A GRIP ON SPORTS
As we sit down to write today, I'm not sure of my plans for this evening. Should I spend any time at all watching the All-Star Game? Or should I just work on finishing the book I am reading? Read on.
• Yep, those are about the choices tonight. The All-Star Game is on Fox and it dominates the sports landscape. It's something I don't get exactly, but somewhere in the back of my mind I can still remember when the game was competitive (ask Pete Rose and Ray Fosse - and see below) and yet didn't have the home-field advantage of the World Series riding on it (the dumbest rule in sports). Ever since the tie in 2002, the All-Star Game has lost its luster for me, though the shine had been fading for years. At some point – I don't quite recall when – players started getting ticked if they didn't get to play, and expressing their anger publicly. That's when the All-Star Game went from being a point of pride – at one time the National League players hated to lose to the American League players and vice versa – and degenerated into a meaningless exhibition. And that would be OK with me, if it was billed that way. Tell everyone all the stars will play, use the pitchers that want to pitch accordingly and play a nine-inning exhibition. If it's tied, so be it. But Bud Selig was embarrassed in 2002 and the response was ridiculous. Though starters still only play a few innings and the managers run through pitchers like a slo-pitch team after a hot July tournament, the game is supposed to be about winning, with the seventh game of the World Series as the carrot. But if it were really about winning, then the best players would play the longest, the best pitchers would throw more than an inning and someone might get hurt (again, ask Pete Rose and Ray Fosse). No one really wants any of those things. So the game shuffles on, an exhibition contest that used to have relevance when there were actually two leagues now lost in a time of everyone-gets-a-trophy excess. ... By the way, Cecil Fielder's kid Prince won his second home run derby last night. That's my living-in-the-past way of giving you the link. And Matt Cain will start tonight for the National League over former Mariner A.J. Dickey, who is having a better year.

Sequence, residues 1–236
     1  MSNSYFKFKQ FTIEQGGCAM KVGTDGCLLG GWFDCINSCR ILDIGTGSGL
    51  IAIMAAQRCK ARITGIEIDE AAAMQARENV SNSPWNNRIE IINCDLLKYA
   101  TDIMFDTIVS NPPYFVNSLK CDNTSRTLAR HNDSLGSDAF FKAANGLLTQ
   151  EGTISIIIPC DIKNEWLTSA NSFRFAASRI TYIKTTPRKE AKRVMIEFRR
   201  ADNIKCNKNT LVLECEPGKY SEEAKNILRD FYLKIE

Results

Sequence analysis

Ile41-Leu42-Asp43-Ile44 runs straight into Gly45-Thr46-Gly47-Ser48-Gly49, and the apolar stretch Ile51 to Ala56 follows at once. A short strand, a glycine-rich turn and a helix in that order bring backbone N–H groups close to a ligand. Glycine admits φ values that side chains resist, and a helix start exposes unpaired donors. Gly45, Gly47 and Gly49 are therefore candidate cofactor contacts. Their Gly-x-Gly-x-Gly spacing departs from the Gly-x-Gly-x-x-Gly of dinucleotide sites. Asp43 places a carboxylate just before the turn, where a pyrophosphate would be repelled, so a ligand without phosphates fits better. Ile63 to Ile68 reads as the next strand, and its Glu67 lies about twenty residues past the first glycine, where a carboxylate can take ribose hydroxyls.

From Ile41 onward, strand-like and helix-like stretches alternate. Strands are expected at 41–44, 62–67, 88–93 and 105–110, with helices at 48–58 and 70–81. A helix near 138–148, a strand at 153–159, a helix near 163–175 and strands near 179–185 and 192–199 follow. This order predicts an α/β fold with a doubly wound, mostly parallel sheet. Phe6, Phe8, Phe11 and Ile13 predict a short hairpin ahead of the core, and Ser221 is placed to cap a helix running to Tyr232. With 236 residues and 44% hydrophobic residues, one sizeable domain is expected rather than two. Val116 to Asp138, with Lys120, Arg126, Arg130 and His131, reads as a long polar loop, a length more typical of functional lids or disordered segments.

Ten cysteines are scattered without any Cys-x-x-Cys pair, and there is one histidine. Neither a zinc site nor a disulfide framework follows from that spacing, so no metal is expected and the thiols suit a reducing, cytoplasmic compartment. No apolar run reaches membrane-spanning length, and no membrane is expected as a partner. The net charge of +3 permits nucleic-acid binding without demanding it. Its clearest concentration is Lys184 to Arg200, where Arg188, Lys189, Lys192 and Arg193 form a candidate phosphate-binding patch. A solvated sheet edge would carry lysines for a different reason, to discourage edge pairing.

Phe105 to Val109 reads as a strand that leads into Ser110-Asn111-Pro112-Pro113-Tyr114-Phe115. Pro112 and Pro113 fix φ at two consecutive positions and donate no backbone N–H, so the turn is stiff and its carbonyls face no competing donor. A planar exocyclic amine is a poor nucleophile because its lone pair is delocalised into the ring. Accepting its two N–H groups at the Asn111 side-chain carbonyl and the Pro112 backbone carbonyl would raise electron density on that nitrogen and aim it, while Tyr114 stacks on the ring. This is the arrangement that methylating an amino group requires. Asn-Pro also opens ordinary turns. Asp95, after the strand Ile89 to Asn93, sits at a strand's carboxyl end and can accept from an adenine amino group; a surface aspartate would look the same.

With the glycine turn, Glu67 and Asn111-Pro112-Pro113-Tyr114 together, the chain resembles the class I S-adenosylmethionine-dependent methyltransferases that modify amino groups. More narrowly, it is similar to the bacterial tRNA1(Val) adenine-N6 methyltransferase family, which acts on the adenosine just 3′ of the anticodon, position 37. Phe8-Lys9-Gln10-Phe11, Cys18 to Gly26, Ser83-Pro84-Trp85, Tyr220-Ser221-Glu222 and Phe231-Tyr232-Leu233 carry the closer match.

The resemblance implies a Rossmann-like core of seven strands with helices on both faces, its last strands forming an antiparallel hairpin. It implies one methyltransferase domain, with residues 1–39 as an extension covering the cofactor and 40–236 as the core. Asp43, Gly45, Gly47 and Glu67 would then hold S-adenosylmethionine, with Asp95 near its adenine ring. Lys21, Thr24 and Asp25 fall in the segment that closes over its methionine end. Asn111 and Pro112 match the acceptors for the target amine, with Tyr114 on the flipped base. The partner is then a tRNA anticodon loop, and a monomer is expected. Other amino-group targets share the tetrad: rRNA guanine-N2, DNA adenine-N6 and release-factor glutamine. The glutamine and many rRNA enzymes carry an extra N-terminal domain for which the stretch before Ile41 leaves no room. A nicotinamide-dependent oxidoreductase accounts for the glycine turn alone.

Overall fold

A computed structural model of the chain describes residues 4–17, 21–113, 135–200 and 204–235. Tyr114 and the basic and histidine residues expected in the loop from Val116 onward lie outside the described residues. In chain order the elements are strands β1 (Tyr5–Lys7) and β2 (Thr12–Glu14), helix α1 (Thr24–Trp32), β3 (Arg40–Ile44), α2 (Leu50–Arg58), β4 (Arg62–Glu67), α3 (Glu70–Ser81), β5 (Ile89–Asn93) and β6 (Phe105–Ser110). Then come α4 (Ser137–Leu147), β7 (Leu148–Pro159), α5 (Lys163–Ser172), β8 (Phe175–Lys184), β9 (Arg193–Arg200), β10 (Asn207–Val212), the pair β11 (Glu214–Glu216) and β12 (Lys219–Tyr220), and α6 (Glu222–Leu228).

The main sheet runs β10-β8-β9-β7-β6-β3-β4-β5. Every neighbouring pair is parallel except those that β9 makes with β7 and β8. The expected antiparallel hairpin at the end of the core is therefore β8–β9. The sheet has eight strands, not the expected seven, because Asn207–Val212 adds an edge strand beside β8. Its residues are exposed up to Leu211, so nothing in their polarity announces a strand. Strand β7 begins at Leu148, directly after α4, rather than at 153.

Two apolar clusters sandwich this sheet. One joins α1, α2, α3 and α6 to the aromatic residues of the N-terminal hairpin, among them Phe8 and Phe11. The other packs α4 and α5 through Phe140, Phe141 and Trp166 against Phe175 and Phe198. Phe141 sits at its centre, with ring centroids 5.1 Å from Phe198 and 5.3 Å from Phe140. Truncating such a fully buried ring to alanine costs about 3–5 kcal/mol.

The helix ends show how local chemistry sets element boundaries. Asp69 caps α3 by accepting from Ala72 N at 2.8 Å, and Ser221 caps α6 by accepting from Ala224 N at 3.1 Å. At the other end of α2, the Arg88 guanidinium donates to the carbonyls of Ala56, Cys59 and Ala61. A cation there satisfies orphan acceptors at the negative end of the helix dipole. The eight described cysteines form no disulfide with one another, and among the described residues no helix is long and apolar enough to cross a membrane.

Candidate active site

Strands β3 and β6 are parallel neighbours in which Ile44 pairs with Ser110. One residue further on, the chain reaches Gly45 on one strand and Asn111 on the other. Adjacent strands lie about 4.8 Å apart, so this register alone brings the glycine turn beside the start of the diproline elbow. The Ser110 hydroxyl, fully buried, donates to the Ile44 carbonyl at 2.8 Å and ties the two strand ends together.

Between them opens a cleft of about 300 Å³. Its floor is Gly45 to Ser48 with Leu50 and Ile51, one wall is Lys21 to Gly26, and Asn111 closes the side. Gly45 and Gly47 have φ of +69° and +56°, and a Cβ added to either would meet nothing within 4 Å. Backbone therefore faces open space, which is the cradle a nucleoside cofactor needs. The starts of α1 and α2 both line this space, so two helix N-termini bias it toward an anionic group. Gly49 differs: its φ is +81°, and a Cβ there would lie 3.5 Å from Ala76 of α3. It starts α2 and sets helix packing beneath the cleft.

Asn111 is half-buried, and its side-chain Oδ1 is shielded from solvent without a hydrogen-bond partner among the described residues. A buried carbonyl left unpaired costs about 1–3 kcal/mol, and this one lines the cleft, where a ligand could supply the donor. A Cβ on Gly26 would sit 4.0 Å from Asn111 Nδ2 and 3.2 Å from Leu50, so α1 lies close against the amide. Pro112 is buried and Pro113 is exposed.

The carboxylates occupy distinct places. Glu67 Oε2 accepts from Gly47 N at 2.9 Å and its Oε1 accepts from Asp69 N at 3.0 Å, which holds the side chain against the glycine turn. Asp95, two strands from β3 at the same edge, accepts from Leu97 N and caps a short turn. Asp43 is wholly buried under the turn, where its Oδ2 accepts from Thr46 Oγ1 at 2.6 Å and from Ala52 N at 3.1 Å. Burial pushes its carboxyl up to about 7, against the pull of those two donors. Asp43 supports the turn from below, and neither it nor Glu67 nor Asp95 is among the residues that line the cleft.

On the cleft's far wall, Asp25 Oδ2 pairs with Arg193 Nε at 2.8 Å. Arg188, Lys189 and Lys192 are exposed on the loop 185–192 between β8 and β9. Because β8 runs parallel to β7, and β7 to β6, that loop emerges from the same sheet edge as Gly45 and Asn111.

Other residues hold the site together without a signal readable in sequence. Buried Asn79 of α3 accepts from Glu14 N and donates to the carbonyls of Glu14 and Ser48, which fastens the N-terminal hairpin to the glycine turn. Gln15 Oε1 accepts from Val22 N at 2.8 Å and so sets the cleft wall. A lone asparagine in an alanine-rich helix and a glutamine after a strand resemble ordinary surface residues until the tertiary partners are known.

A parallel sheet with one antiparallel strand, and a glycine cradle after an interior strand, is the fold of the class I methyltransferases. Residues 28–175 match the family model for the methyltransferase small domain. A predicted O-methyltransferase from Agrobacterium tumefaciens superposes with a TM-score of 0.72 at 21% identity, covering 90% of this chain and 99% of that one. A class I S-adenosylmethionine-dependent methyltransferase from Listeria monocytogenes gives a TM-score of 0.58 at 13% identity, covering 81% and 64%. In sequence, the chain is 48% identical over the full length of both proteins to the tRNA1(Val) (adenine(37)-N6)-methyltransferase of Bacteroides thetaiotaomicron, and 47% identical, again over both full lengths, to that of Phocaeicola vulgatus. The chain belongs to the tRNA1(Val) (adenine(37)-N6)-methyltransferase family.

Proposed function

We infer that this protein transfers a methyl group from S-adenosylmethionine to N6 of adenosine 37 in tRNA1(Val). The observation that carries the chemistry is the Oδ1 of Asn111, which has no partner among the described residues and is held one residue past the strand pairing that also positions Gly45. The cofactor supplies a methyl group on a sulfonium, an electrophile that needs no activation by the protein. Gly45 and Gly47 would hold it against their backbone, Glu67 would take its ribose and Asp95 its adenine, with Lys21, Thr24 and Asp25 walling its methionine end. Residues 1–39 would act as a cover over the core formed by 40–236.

• Washington State: Quite a bit from the Palouse (or Palouse-related) to pass along today, starting with Ted Miller on the Pac-12 blog at ESPN.com rating the conference's coaching jobs. He has USC No. 1 and Washington State No. 12. Yep, the job held by Mike Leach (left) is last. Send your e-mails his way, not mine. ... Miller also looks at the conference's offensive lines this upcoming season. ... Some news from a couple of guys with WSU connections: Former assistant basketball coach Donny Newman has found a new job in the NBA. And Eli Edwards, a JC defensive end from Southern California who signed with the Cougars in 2011 but never arrived on campus after deciding to grayshirt, has surfaced at Colorado State. ... Basketball coach Mike Montgomery has signed on for two more years at Cal. ... One of Montgomery's former players at Stanford, Peter Sauer, died after a pickup game in a park. He was 35. ... Former Washington soccer star Hope Solo has been warned for a positive drug test. ... The Huskies have moved up the opener against Boise State next year by a week, to the end of August. The new Husky Stadium will be done by then. ... Looking at ASU's defensive line.
• Indians: The losing streak reaches five after a 4-3 loss in Tri-Cities last night. The Indians are off tonight.
• Mariners: Though the team is scattered around the country – only Felix Hernandez is in Kansas City, where he once again professed his love of all things Mariners and his desire to stay in Seattle – there isn't a lot in the way of coverage, though columnists from Art Thiel to Jerry Brewer used the morning to weigh in. ... Could Chris Chambliss use some help? Yes. ... Jesus Montero is still trying to shake the effects of a concussion. ... The youngsters are on display in KC, though none of the M's youngsters.
• Cycling: We had the news about Lance Armstrong's court filing yesterday, so we should pass along the news the judge threw it out. It should be refilled soon.